“The top… finally.”
Yeah. Soak it in.
“… … mmmmh… in through the nose… out through the mouth. It’s beautiful up here.”
There is something about making it to the top… of whatever it is you are climbing.
Reaching the top, completing the race, sealing the deal all invoke the sense of accomplishment.
Do you feel accomplished when you follow or when you lead?
What causes that sense of stubborn adherence, that sense of something still being clung to, that sense that we are meant to let go of something if we are to reach the point of feeling accomplished?
“Let me guess… lesson time?”
Yeah, buddy! Have a seat.
I’m gonna ask you a question or two. But don’t answer me. Try to internalize the conversation for awhile to see what transpires inside of you.
“Wait. How long are we staying up here? You have that look in your eye.”
Your learnin’. What would make a better story for you to tell your kids. “I stopped on top of the mountain, watched the sunrise and then hurried down.” Or… “that s.o.b kept me up there all day long talking about life lessons, heirlooms and this and that, talking about follower-ship, leadership, samurais, and cherry blossoms.”
People have a penchant, a proclivity, a neurotic need to cling on to things… whether that’s a Linus like security blanket, a family heirloom… like moms favorite chair, or a piece of knowledge we think we know inside and out that has allowed us to feel accomplished in our current life position. Except that blanket, heirloom, or piece of knowledge is now holding us back… we have out grown it, we know it, we are just mentally unable to “let it go.”
We know the feeling we get when it is time to let something go. We just don’t have the confidence to let go of it. It is something we know. It is familiar to us and grounds us in a memory, a moment, a confidence in our current skill and ability… but it is scary to think of letting it go.
Our feelings obscure and hamper our ability to move forward. I once learned a new job. In that job I had to make detailed notes throughout the whole night that I would use later on when my trainer moved on into his new position. The notes needed to be detailed, the notes needed to be clear, the notes needed to be usable… by me… as I would only get one day of training and then I would be on my own.
The notes were taken, the notes performed admirably, the notes lasted for months… I still have them… the notes then began to slow me down.
I can vividly recall the near panic feeling when I arrived at the main control panel in the middle of the shift and my hands and muscle memory took over before I could grab my notes out of my back pocket and use them as I had been doing for the last few weeks.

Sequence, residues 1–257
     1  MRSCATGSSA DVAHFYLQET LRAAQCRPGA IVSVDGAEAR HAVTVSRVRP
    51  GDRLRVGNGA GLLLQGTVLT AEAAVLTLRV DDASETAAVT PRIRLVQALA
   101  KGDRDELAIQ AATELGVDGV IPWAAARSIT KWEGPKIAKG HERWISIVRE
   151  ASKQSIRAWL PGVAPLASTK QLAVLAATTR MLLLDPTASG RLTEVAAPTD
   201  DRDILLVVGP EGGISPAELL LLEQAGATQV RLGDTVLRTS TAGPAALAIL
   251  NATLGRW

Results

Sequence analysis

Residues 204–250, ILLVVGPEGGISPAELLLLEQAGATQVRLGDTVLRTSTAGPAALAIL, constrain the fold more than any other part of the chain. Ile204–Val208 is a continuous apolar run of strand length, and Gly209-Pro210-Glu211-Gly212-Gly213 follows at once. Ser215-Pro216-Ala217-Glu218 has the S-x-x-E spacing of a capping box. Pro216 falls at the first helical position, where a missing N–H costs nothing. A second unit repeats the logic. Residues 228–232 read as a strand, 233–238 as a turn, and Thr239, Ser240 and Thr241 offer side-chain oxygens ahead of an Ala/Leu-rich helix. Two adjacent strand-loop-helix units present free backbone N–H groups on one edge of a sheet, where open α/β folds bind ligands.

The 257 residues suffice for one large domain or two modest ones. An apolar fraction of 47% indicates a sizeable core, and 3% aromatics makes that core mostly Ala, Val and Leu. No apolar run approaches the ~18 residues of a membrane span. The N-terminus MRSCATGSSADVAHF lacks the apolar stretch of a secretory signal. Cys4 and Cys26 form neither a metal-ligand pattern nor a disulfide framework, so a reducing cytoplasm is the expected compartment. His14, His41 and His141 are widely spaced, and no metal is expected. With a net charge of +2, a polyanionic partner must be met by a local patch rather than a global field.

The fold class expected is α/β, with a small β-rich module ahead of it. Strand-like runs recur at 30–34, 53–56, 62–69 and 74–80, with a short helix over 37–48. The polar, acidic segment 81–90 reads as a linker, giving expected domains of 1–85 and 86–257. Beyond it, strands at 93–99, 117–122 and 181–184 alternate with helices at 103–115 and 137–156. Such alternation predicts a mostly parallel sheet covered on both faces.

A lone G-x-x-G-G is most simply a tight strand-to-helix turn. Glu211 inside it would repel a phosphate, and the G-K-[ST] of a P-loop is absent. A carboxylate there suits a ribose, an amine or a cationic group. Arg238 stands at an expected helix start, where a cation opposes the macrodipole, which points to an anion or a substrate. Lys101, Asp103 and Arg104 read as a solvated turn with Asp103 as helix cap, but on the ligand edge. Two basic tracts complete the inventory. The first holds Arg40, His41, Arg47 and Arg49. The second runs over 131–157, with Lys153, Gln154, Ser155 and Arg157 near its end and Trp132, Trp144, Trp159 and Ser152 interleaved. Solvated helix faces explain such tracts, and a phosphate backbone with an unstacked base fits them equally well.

I froze, and as soon as I stopped to think… the trained muscle memory in my hands disappeared like this mornings misty-mist. I struggled to get my notes out, I struggled to find the right page, I struggled to find the exact spot in my notes that would match up to the exact spot on the control panel.
I learned about having an anxiety attack twice in my life… that was one of them. I berated myself. I told myself, “It’s repetitive work… trust your hands.” I put my notes back into my pocket. I took a deep breath. I shut my eyes and then I let my fingers do the walking. They found their way back to the proper position and sequencing… once I let go of the distrustful thoughts in my mind and trusted my knowledge of how you learn a job and task through multiple reps and practice I was able to finish the night without the use of my notes.
For whoever wants to save his life will lose it, but whoever loses his life for me will find it. ~ Matthew 16:25
Letting go on purpose is a skill. We can learn to identify the the item that needs to be let loose and we can learn the proper timing in which to do it. We can even learn of a someone and a something to use as an example.
The ancient Japanese Samurai, their Code of Bushido, and one of the most beautiful and delicate of flowers… the cherry blossom.
The pinnacle of historical warriors is reached in the embodiment of a Samurai knight and his code.
The pinnacle of how to let go of something is seen in the life cycle of the cherry blossom. The Samurai, dealing with death as a way of life looked to the cherry blossom as the embodiment of their code for living life.
When it came time for their death they hoped to emulate the revered cherry blossom… both in it’s tenacity to live vibrantly, and in death… when the time came… to face it with life’s beauty, and to let go without any emotional tight fisted-ness.
When it is time… it is time. Go peacefully… even in the face of a violent confrontation.
The Samurai are long gone in effect but persist in essence and spirit among those looking to improve themselves… in follower-ship, leadership, personal development, life development.
It is precisely that spirit that has us identify those things that we need to let go of…
The top of the mountain is for gaining clarity, gaining understanding, learning to know what the feeling of accomplishment feels like, it is a glorious moment… but you can’t stay there… even the mountain has an allure, has the ability to become addicting… something to cling to in it’s beauty…
We have to leave the mountain top in the same way the cherry blossom lets go of it’s stem… effortlessly.
Honorably, graciously, descending back into the work, journey and repetitions, of creating and living your life… your short, wonderful, cherry-blossom-esque life.